Greg Hartman was waiting tables to support himself through college in the fall of 2010 when his hometown of Manitowoc, Wisc., experienced an outbreak of HIV and the hepatitis C virus. After finding out his best friend had been infected with hepatitis, the uninsured 22-year-old decided he needed to get checked out as well -- but the tests were going to cost him more than $300 out of pocket.
"There's no way I could have afforded it on my own," said Hartman, who brings in only $150 to $200 a week from his restaurant job.
Hartman said he went to the University of Wisconsin's campus health care center and applied for BadgerCare -- the state's Medicaid-funded family planning program, which reimburses low-income men and women for sexually transmitted disease testing, birth control services, cancer screenings and other preventative reproductive care. Through BadgerCare, Hartman was able to afford to get tested for both HIV and hepatitis C -- he tested positive for the latter.
"If I didn't qualify for BadgerCare, I would have just said 'fuck it' and not gone into the clinic in the first place," he told HuffPost. "I would never have known I had hepatitis."
Although the BadgerCare family planning program doesn’t cover Hartman's treatment, he was able to afford two different HIV tests, a liver panel and potentially life-saving hepatitis tests through the subsidized program.
But the nearly 7,000 other low-income Wisconsin men who use BadgerCare may soon be out of luck. Scott Walker, the state's Republican governor, has proposed eliminating men entirely from the program in his latest budget bill. That move could cost Wisconsin all of its federal family planning funds, policy experts warn.
Wisconsin's Joint Finance Committee is currently finalizing the language of the bill. In addition to cutting men from BadgerCare, it also includes provisions that increase the age restrictions for BadgerCare eligibility, require parental consent for all patients under 18 years old, reduce the eligibility limit down to 200 percent of the federal poverty line and cut more than $1 million dollars in state funds to Planned Parenthood.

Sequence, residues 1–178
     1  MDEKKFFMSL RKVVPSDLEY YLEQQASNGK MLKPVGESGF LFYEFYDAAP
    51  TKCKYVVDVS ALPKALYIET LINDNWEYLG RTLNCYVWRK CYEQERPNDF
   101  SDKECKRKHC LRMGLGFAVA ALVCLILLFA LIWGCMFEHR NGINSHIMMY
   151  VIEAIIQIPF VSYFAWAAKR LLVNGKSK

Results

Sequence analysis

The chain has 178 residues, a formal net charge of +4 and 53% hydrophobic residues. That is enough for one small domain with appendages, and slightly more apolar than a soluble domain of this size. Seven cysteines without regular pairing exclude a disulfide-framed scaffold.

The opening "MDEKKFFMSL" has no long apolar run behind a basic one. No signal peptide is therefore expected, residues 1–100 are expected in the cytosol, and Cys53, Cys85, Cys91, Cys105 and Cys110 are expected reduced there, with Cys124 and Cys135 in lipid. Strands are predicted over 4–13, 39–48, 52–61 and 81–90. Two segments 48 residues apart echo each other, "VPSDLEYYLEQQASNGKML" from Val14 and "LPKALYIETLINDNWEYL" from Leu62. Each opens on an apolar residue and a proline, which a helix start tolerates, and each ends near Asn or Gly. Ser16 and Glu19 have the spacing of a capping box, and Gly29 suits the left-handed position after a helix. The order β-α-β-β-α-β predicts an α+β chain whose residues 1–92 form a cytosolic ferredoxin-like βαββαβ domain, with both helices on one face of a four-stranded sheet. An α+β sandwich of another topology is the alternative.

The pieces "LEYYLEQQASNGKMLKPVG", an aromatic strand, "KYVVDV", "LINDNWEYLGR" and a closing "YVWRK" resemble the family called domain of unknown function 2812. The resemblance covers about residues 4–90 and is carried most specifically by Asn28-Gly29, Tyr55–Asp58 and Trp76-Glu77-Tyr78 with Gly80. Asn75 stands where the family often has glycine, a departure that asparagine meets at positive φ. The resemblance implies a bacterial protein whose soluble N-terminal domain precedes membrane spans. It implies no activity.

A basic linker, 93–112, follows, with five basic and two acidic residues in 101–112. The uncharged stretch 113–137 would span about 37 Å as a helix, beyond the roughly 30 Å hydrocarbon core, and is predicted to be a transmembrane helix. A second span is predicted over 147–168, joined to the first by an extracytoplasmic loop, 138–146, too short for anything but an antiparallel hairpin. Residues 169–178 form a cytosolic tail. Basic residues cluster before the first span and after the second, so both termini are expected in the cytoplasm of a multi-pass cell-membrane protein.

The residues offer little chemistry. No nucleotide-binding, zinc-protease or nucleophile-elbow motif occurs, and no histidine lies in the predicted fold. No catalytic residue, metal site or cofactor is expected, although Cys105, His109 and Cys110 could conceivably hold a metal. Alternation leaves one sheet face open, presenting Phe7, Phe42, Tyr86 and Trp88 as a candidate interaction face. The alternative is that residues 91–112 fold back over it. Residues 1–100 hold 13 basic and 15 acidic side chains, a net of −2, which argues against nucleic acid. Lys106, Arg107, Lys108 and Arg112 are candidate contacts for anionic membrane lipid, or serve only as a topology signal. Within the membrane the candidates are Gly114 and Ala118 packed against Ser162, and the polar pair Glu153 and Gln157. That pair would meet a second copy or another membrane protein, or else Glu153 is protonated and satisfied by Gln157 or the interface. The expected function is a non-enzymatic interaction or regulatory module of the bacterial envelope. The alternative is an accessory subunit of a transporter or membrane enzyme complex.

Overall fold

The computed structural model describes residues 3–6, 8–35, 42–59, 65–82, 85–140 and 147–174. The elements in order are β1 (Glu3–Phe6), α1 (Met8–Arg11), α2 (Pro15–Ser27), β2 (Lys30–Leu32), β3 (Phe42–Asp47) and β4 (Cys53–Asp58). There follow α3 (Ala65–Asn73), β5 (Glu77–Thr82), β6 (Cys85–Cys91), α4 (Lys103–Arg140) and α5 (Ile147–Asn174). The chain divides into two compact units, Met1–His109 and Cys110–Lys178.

The governor's office did not respond to repeated requests for comment, but Pro-Life Wisconsin -- an anti-abortion advocacy group that officially endorsed Walker -- told HuffPost it supports his move to cut men from the BadgerCare family planning program. The group believes that providing men with condoms, testing and sexual counseling doesn't really save the state any money.
"The assumption is that, if you get women on birth control, that would reduce BadgerCare-funded births and save the state money," said Matt Sande, legislative director for Pro-Life Wisconsin. "But how much are men contributing to those purported cost savings? Less than 7,000 men use the program, compared to 50,000 total patients. You're looking at a small percentage of the overall population, so it just seemed to a Republican legislator to be a gratuitous add-on that is not saving the state anything."
Abortion rights advocates in Wisconsin are convinced that Walker and the GOP lawmakers are just looking for underhanded, politically acceptable ways to change the BadgerCare program so significantly that the U.S. government is forced to cut all federal family planning funding to the state.
"Taking men out of the program not only serves to remove critical health care for men, but it puts us out of compliance with our agreement with the federal government and puts the entire BadgerCare program at risk," said Tanya Atkinson, the executive director of Planned Parenthood Wisconsin. "It's a politically palatable way of systematically dismantling Wisconsin's family planning program."
Wisconsin's Department of Health Services confirmed that it cannot remove men from Medicaid eligibility without applying for a waiver from the Centers for Medicare and Medicaid Services, which would then have to determine whether the state can continue to receive federal funding at all based on the new terms of its family planning program.
BadgerCare currently serves about 57,600 low-income Wisconsinites, according to Planned Parenthood, and the state's health department estimates that it prevented 11,064 unplanned pregnancies in 2008. Family planning advocates argue that, if patients did not have access to preventive care, Wisconsin would see an increase in unintended pregnancies, the spread of STDs and a rise in undetected and untreated cervical and breast cancer cases -- all of which would then cost the state millions of dollars in future medical costs.
But Pro-Life Wisconsin's Sande argues that BadgerCare services actually increase the rate of unintended pregnancies by encouraging teens to have sex.
"Medicaid is a state program providing free state-funded birth control and condoms to 15-, 16- and 17-year-olds, and that's a violation of parental rights," he said. "We oppose the BadgerCare program for that reason, and also because of the fact that government-funded birth control increases pregnancies and promotes promiscuity -- it has the opposite of its intended effect."
While the language of the budget bill has not been finalized, Planned Parenthood said it anticipates that all the pro-life, anti-family-planning provisions in the Wisconsin budget will pass in the State Assembly.
Hartman, who is waiting for his next free test to determine which strain of hepatitis C he has, said if the state government kicks him out of BadgerCare, he is going to start looking for a job in Sweden.
"I'm trying to leave the country because I can't afford to live here," he said. "It's like they don't care about the health of low-income men, or they don't care if we die. I don't know what they are thinking, but it feels like an attack."
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